Using Israel Music to Navigate the Aftermath of October 7: A Guide for Jewish Educators

This article was originally published in Prizmah’s Kaleidoscope newsletter.

In the aftermath of October 7, Jewish educators in the Diaspora have been working hard to bridge the gap for our students so that they can understand what’s happening in Israel and what Israeli society is going through. It’s been an unprecedented time in modern Jewish history, and these are unchartered waters for so many of us.

Educators have employed various strategies to accomplish this essential task. Some have traveled to Israel on educator missions so that they can bear witness and share their experiences with their students. Many have tapped into excellent new resources created by organizations like Unpacked for Educators and others.

I’d love to share another strategy that is engaging, effective and meaningful, which can give our students inside access to the ocean of emotions that Israeli society is swimming in right now.

Using Israeli music in the classroom, especially music written since October 7, gives our students a tangible way of connecting to the diversity of feelings being felt within Israeli society today. The national emotions these days are nuanced and complex, and the Israeli music being produced reflects that. Consider the following suggestions to effectively engage your students and bring Israeli music to life in the classroom.

Introduction to Contemporary Israeli Music

Start by introducing your students to the vibrant world of contemporary Israeli music. Explain that these songs, emerging in response to recent events, serve as a mirror to the nation’s soul, reflecting a spectrum of feelings from despair to hope, unity to division. Use this opportunity to discuss the role of art in society and how music can be a barometer of public sentiment.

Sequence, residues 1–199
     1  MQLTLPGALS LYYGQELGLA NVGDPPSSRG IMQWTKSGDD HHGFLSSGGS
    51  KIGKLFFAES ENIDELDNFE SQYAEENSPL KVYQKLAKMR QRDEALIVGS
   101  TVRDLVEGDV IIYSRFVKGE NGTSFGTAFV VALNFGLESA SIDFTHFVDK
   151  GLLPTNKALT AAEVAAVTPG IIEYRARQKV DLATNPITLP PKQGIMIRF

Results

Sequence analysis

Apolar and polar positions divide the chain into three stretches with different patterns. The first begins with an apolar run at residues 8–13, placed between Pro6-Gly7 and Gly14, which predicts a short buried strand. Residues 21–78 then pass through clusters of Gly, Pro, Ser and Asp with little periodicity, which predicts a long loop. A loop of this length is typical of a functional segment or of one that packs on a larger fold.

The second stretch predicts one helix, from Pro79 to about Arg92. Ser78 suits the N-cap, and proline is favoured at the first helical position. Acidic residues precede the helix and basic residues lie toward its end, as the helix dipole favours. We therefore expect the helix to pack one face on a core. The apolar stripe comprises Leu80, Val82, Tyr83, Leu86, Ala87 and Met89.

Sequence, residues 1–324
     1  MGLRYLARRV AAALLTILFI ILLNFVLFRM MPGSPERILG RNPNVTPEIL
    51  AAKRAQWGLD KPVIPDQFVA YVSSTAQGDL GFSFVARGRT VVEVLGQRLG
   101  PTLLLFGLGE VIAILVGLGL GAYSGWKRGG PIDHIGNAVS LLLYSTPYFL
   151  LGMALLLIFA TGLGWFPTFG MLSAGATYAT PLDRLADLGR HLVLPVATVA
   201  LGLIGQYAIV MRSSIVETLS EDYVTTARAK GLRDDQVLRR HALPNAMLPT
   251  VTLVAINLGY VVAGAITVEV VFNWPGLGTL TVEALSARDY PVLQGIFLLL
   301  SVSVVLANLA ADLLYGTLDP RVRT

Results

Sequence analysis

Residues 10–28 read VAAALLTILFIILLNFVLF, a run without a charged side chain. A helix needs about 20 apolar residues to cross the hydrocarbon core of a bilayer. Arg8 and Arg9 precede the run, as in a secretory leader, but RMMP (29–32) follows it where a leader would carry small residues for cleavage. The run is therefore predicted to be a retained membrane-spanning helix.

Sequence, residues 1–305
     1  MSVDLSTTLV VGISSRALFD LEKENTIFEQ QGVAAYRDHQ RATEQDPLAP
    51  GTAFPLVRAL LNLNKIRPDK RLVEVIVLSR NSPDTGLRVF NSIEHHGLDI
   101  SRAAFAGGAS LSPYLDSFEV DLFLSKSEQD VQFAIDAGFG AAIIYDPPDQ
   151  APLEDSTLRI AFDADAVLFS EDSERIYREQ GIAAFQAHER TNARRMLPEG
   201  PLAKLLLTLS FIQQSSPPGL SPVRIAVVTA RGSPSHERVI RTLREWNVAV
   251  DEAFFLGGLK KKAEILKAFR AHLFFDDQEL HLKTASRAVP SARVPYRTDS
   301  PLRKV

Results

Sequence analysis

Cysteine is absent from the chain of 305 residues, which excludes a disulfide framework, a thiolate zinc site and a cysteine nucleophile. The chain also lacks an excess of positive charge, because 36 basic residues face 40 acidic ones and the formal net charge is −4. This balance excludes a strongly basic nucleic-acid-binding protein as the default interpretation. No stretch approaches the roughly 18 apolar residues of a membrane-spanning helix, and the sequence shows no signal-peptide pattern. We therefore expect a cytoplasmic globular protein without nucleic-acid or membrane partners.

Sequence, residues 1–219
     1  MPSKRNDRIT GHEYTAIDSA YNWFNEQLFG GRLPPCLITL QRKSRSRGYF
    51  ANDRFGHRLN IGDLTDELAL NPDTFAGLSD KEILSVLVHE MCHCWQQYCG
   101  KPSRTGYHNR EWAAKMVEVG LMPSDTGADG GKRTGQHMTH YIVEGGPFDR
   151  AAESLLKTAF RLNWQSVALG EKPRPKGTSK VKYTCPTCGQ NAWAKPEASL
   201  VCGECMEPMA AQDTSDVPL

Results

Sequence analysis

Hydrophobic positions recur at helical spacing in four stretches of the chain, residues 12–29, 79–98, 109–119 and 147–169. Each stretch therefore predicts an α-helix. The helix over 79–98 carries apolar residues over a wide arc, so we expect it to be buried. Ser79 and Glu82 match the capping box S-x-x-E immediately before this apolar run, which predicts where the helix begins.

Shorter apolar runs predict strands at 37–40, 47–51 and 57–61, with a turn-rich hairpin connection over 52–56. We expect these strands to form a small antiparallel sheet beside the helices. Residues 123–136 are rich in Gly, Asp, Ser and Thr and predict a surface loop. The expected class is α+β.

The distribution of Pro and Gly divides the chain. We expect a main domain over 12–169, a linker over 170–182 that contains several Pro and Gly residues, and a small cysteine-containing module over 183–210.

Song Selection and Analysis

Select a song or multiple songs from this list, ensuring a mix that represents various themes such as hope, unity, responsibility, and the aftermath of conflict. For example, Eyal Golan’s “Am Yisrael Chai” serves as a unifying anthem, emphasizing resilience and faith, while “Zeh Aleinu” by Subliminal and Hatzel underscores a call to action and defense.

Introduce each song by reading through the lyrics in both Hebrew and English (depending on your class). This bilingual approach can aid in linguistic understanding and deepen the emotional connection. Then, play the music video of the song, encouraging students to listen intently to the melody, words, and the emotions they evoke.

Caution: some of the songs have explicit lyrics and are indicated as such in the resource itself. Censor as needed.

Engaging Students with Music

Utilize the student prompts provided to encourage active participation. These prompts include questions for reflection, such as, “What messages and themes do you think the song is trying to convey?” or “How does this song reflect the current mood in Israel?” Consider dividing students into groups, assigning each a different song, and having them present their analyses to the class.

Creating a Personal Connection

Ask students to express their feelings and thoughts by creating their own piece of art or writing in response to the music. This could be a poem, a letter, a song, or a visual artwork. This personal connection not only helps students process their feelings but also makes the learning experience more memorable and meaningful.

Expanding the Conversation

Encourage students to share the music and their insights with family and friends. Suggest they discuss the songs during family gatherings or Shabbat dinner. This not only reinforces the lesson but also helps increase awareness and connection within the school community.

Utilizing Israeli music as an educational tool allows us to explore the depths of human emotion and the complex dynamics of Israeli society in a way that is both engaging and profound. Through this approach, we not only enhance our students’ understanding of current events in Israel but also foster a deeper connection with Israeli culture and society.

Let this be an opportunity for our students to explore, question, and connect, turning the classroom into a space of shared human experience and deep connection to Israel, especially during this unprecedented time.

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